Charité: No hygiene problems due to germ contamination

Charité: No hygiene problems due to germ contamination

Baby died of germ contamination at Berlin Charité - public prosecutor determined

After a newborn baby died in the Berlin Charité on 5 October due to infection with Serratia germs, the public prosecutor's office investigated the negligent killing. So far it is still unclear how the 22 affected babies could become infected. The Charité's premature baby unit is to remain closed until complete clarification. The clinic rejects the accusation of poor hygiene.

Another child infected with germs at the Berlin Heart Center
The deceased child was born with a heart defect and was therefore transferred from the premature ward to the German Heart Center. There a second child became infected with the germ. The boy was transferred from a Potsdam clinic to the heart center and, like the baby who later died, was operated on October 2, as the director of the clinic for congenital heart defects and pediatric cardiology, Felix Berger, announced. The boy was lying next to the sick child and was probably infected there. The doctors assume that the Serratien germs came to the heart center with the child who later died.

Antibiotic therapy was successful with the boy, so that the child could be released today, Berger said. Infection with Serratien germs is only life-threatening for people with a severely weakened immune system such as premature babies. The boy had not been born prematurely, but he had a serious heart defect, so that he was initially treated in one of the Charité's preterm labor ward. From there he was transferred to the heart center as an emergency.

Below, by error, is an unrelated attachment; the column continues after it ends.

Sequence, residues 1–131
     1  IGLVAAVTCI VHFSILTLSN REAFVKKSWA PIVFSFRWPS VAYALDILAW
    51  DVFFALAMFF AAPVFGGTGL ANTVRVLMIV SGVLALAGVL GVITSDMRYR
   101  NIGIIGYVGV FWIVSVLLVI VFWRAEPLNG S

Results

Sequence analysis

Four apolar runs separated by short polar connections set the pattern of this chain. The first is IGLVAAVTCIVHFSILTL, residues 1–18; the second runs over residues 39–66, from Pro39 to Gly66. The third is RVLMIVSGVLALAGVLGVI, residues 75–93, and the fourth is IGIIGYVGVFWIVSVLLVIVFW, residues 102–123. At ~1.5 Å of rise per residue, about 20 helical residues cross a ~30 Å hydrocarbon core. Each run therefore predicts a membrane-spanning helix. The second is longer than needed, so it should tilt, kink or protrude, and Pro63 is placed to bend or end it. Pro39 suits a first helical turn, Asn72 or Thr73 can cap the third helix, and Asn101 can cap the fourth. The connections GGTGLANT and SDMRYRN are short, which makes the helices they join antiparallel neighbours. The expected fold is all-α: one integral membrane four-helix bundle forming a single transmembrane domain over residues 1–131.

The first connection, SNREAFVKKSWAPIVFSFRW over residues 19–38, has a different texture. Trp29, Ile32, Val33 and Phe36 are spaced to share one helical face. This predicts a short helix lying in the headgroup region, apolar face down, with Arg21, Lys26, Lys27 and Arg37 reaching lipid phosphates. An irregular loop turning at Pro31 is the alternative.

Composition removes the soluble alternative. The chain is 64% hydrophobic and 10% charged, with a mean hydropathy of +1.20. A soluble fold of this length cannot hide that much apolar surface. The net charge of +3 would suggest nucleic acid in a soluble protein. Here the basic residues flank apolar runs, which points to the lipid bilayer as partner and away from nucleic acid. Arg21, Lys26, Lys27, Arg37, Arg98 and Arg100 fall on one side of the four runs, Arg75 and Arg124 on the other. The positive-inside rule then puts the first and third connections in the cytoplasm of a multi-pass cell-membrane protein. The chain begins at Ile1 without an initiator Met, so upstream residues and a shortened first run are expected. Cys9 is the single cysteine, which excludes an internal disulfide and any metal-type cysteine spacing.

Stop admission to Charité premature wards due to germ contamination At the press conference of the Heart Center and Charité last Tuesday it was said that the premature baby was most likely infected by his mother during the birth in July. After that, the child infected another baby. By September there were no new infections.

The Charité's premature infants' wards remain closed until the patient has been fully diagnosed due to the infection with Serratia germs, said Ulrich Frei, Medical Director. A total of 22 of the 40 premature babies were found to have the germs. Seven babies were ill. However, the condition of all affected children is stable, as the head of the premature baby station, Christoph Bührer, said at the press conference. After one child died of an infection on October 5 and two other children were found to be infected on October 8, the Charité decided to screen all premature babies, in which the other cases were determined, as the clinic announced. Subsequently, an immediate admission stop for the affected preterm infants was arranged.